THE first time I traveled to Midway Atoll was 1996, a year before the U.S. Naval Air Facility closed. I was strapped into a tail-facing seat in the windowless belly of an Air Force cargo plane. That blind descent in a backward position, after a long flight northwest from Honolulu into a part of the Pacific typically painted empty blue on maps, was my first experience of what I came to call "Midway syndrome."
SPORTS
August 4, 2000 | PETE THOMAS
There's no mistaking the dark, almost ghostlike figure looming off the stern, casting an ominous shadow in the sandy shallows of Midway's emerald lagoon. The water is only eight feet deep. The shark, a tiger measuring about 10 feet, is sweeping a wide area, keeping its distance but obviously interested and easily discernible in water as clear as a backyard swimming pool. Still, it takes a keen eye to spot the mysterious creatures swimming with the shark. Capt.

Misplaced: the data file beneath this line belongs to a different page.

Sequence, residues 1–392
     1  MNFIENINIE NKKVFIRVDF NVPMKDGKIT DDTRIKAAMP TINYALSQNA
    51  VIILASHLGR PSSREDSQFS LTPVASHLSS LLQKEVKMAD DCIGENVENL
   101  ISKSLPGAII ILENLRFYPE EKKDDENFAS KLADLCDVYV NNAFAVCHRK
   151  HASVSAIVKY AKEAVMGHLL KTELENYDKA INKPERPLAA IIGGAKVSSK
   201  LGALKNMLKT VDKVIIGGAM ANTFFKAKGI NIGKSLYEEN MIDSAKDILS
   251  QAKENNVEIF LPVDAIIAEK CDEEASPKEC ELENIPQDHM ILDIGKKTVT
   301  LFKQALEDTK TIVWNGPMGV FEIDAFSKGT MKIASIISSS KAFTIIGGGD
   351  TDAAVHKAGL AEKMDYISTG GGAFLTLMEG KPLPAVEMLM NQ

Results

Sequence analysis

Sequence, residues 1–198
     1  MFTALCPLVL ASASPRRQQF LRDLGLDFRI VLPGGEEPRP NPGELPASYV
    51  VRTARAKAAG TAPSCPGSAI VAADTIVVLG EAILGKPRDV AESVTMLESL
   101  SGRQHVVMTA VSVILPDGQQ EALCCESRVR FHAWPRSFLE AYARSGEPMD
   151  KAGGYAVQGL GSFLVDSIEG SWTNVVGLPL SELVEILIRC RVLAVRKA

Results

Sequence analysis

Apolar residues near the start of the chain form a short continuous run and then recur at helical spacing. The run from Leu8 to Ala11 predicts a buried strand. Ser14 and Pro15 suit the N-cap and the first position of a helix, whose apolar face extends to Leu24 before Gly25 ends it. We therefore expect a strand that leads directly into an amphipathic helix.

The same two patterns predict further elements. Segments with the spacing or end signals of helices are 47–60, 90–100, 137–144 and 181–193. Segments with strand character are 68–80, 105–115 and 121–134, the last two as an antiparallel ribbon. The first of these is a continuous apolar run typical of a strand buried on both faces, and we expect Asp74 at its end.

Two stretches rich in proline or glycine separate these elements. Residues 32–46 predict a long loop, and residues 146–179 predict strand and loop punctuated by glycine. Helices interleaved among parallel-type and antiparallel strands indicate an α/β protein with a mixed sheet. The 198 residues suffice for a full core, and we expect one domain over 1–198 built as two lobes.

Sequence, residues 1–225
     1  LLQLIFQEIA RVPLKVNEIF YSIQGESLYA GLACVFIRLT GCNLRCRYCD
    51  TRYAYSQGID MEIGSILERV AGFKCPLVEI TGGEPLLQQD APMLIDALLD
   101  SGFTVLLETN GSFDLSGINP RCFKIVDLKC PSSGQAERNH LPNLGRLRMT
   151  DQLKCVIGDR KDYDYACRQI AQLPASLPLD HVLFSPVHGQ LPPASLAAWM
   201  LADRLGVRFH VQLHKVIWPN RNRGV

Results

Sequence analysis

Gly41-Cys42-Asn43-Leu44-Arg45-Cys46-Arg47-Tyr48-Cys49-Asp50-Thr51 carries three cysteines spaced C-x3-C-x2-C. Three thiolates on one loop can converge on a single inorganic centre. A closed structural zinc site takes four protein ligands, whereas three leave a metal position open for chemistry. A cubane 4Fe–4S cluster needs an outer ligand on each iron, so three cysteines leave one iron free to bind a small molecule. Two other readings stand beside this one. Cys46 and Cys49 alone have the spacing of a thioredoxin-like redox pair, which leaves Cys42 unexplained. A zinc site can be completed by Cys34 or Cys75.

SPORTS
August 4, 2000 | PETE THOMAS
There's no mistaking the dark, almost ghostlike figure looming off the stern, casting an ominous shadow in the sandy shallows of Midway's emerald lagoon. The water is only eight feet deep. The shark, a tiger measuring about 10 feet, is sweeping a wide area, keeping its distance but obviously interested and easily discernible in water as clear as a backyard swimming pool. Still, it takes a keen eye to spot the mysterious creatures swimming with the shark. Capt.
SPORTS
July 28, 2000 | PETE THOMAS
The summer sun is beaming gloriously down on this remote speck of Pacific Ocean paradise--and there are chicks everywhere. They're under every tree, atop every dune, in every field and on every trail. The more you check them out, the more you want to pick them up . . . and toss them off the island because it really is time for them to go. They are albatross chicks, the latest crop of gooney birds, and the goofiest bunch of gooneys you ever saw.